If you can not find a doctor with these very basic skills/knowledge in your area, you might consider doing phone consultations with Dr. Klaper. http://doctorklaper.com/about/ Or if you are in the area, you could go to the new PCRM (Physician’s Committee for Responsible Medicine) clinic. http://www.pcrm.org/barnard-medical-center

      I hope this helps. And I wish you both luck.




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  13. What is Dr. Greger’s opinion regarding Dr Gundry’s research about tomatoes and uncooked beans? Dr Gundry says lectin is not good for those with autoimmune disorders. What do other research articles suggest? Thanks for your thoughts.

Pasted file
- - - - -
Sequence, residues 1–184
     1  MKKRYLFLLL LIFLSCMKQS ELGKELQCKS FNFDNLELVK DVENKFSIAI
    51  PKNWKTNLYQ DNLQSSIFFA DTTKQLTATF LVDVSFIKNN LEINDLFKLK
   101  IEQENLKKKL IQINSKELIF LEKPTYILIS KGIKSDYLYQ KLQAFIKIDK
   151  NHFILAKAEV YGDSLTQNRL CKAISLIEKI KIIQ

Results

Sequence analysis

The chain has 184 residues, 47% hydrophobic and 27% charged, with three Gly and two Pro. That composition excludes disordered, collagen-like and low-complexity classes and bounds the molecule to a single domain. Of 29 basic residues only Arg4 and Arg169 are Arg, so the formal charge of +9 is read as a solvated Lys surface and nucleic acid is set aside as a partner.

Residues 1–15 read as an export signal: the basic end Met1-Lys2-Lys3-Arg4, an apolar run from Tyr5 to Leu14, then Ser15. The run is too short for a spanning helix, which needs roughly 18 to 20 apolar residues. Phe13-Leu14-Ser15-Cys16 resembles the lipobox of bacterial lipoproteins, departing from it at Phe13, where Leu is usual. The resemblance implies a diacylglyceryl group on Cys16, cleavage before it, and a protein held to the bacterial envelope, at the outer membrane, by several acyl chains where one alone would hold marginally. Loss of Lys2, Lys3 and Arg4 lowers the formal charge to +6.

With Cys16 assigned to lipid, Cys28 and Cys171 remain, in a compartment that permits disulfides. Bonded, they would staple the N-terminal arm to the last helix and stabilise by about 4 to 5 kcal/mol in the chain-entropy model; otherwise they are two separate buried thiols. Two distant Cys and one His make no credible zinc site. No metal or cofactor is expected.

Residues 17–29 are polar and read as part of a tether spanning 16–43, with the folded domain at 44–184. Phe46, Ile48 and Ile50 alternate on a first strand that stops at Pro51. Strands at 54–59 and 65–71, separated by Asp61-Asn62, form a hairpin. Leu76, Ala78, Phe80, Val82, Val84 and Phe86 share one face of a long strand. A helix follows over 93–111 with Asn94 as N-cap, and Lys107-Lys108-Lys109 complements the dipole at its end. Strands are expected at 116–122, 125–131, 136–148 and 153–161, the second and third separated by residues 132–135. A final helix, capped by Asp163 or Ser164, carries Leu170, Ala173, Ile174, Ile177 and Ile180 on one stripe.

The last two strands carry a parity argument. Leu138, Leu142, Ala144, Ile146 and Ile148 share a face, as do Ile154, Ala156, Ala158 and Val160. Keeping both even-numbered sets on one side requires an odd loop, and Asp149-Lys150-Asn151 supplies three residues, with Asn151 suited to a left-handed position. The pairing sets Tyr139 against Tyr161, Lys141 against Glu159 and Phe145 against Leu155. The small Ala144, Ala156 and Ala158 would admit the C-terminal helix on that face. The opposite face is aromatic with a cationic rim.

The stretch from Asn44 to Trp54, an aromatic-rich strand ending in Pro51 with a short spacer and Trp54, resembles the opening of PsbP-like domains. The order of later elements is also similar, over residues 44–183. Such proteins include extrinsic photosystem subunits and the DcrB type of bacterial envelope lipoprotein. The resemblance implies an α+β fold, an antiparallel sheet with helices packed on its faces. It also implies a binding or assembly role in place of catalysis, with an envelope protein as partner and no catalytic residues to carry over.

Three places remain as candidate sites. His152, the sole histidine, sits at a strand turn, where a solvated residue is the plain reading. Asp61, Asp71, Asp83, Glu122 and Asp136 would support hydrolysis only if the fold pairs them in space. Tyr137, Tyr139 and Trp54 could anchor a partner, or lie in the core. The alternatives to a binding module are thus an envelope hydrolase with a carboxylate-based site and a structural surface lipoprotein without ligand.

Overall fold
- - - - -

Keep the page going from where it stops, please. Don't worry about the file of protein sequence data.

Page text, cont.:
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  14. The potential for dietary lectins to trigger autoimmune disease seems minimal, and the mechanism that protects us against this was described in a 199 article in the British medical Journal (see Freed DL, Do dietary lectins cause disease? at: https://www.ncbi.nlm.nih.gov/pmc/articles/PMC1115436/). There appears to be no solid evidence linking lectin-containing foods to autoimmune diseases or other chronic ailments.